by Lee Purvey
In the age of the biopic, American cinema’s obsession with the agents of greatness has never been clearer. Whether it’s the latest iteration of Steve Jobs or a president that’s been dead for a century and a half, “great men” are (somewhat disturbingly) in.
On the big screen, the collateral damage of these great lives is as important as their triumphs. The mental health of a young man in last year’s Whiplash, paternal duty in the brand new Steve Jobs, the money of a thousand schmucks in The Wolf of Wall Street -- these are the lambs to be sacrificed on the altar of success, as defined under late capitalism. The trouble with Burnt, the latest example of this subgenre, is that the stakes are so vaguely defined, the story so poorly executed that its casualties seem more the products of cruelty than necessary sacrifices to the cult of exceptionalism.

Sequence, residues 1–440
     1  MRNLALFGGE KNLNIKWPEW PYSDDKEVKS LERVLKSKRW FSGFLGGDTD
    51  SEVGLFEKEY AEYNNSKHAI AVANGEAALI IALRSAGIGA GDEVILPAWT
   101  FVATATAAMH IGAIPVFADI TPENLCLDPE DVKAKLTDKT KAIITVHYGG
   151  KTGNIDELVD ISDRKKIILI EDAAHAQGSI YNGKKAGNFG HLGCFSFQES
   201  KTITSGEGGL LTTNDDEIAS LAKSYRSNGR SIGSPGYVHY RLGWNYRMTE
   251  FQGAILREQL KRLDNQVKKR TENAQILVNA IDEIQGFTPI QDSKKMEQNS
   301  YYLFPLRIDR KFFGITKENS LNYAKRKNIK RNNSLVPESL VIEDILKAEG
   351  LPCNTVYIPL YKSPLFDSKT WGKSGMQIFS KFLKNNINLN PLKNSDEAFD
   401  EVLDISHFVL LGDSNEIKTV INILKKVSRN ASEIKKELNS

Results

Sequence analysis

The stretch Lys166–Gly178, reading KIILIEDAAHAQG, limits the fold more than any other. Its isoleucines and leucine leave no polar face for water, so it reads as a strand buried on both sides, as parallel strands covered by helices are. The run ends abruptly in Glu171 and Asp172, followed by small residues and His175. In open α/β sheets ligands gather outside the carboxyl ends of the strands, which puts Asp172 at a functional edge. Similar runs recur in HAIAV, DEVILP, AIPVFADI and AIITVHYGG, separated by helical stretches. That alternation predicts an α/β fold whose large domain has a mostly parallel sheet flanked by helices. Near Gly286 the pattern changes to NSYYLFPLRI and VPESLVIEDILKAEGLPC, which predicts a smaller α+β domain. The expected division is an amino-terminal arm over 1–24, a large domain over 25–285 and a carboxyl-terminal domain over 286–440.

Director: John Wells
Producers: Stacey Sher, Erwin Stoff
Writers: Steven Knight, Michael Kalesniko (story)
Cinematographer: Adriano Goldman
Editor: Nick Moore
Music: Rob Simonsen
Cast: Bradley Cooper, Sienna Miller, Daniel Bruhl, Riccardo Scamarcio, Omar Sy, Sam Keeley, Sam Keeley, Matthew Rhys, Stephen Campbell Moore, Emma Thompson, Uma Thurman, Lexi Benbow-Hart, Alicia Vikander, Lily James
US Theatrical Release: October 30, 2015
US Distributor: The Weinstein Company